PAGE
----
Revisiting Katrina, Revisiting Truth

A year ago, many of us watched in horror while New Orleans disappeared under the raging flood waters released from the levees containing Lake Pontchartrain. At the time, we all assumed that the hurricane brought down the walls and that the federal government failed because of their lack of foresight in that regard. Over the past year, however, we have learned much more about the levees of the Big Easy, and Kevin Aylward argues in today’s Washington Examiner that Katrina may have saved tens of thousands of lives:

In the year since Katrina, we’ve learned that the storm was a Category 1 by the time she hit New Orleans. We’ve also learned that the primary levee breach — the one that caused 70 percent of the flooding in the city — was not caused by the storm surge but by poor engineering.
After months of dissembling and obfuscation by the U.S. Army Corps of Engineers — the designers of the levee system — the Corps was forced to admit what all the outside experts were saying; critical engineering mistakes caused the walls that were supposed to protect the city to collapse before they were overtopped by the storm surge. And on the east side of the city, the flooding was largely caused by a shipping channel the Corps dug three decades earlier. …
All this leads to the even more shocking conclusion that Hurricane Katrina probably saved 50,000 lives.
That levee was doomed. While Katrina was the last straw, it was destined to fail. Studies done before the storm indicated that if a major hurricane overwhelmed the city’s levees, as many as 100,000 people would die as a result.
If the levee had failed without warning, there would have been no evacuation, no preparation, no state/federal support, no Coast Guardsmen in helicopters etc. If you think Katrina was bad with governmental preparations, consider an event half that size without it.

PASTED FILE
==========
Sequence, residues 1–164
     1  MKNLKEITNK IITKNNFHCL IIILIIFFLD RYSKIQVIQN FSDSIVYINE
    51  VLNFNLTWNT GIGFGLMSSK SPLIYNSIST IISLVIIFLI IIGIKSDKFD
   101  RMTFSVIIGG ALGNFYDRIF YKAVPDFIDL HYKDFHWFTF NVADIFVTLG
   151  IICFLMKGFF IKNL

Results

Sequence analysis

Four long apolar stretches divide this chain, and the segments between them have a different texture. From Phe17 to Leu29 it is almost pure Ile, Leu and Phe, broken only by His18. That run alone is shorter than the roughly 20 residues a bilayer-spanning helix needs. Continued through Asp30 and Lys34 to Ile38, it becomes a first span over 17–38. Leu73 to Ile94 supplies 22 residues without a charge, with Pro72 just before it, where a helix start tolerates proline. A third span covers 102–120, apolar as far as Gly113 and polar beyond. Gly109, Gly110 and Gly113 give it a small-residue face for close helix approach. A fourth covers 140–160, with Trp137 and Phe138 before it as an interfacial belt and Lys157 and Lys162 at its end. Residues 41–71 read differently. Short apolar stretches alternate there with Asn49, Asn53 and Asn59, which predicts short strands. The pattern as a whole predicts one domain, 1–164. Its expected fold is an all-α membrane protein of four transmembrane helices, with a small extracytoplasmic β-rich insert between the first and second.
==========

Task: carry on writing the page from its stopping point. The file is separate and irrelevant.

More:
The same bad reporting that happened when the eyes of the nation were fixed on New Orleans — do you recall news reports of cannibalism, roving bands of rapists, hundreds of homicides, toxic flood waters that would kill on contact — persisted in the weeks afterwards. The news agencies seemed so intent on scoring points off of the Bush administration that they neglected to research the real problems in New Orleans: the lack of any coordinated local response, the refusal of Louisiana to authorize military intervention, and the real reason for the levee failure.
Incredibly, the evidence was available almost from the start. A video taken by firefighters at the start of the collapse showed the water levels behind the levees as far below what had been assumed, and far below water levels in the past. This led investigators to look further into symptoms of an engineering failure — and they discovered that residents had warned for months about seepage under the levees, a sign that the walls had already begun to catastrophically fail.
The media showed little interest in pursuing the truth, as documented by many in the blogosphere, including myself. They still seem more attracted to political football than honest reporting on the anniversary of the disaster, a disaster that would have happened without Katrina, with a much greater loss of life. Kevin does a good job in reminding all of us of the media’s failure to properly inform the public of the nature of New Orleans’ destruction.
UPDATE: It’s Wizbang Day at the Examiner. Lorie Byrd writes about the political benefits of embracing blogs:

As much as the Internet and blogs have changed journalism and politics, many candidates have yet to fully utilize the new medium. That, however, is quickly changing. With every election comes the realization by more candidates that engaging the blogosphere is smart politics.

It’s always smart politics to listen to your constituents, and more than ever, they include bloggers and their readers.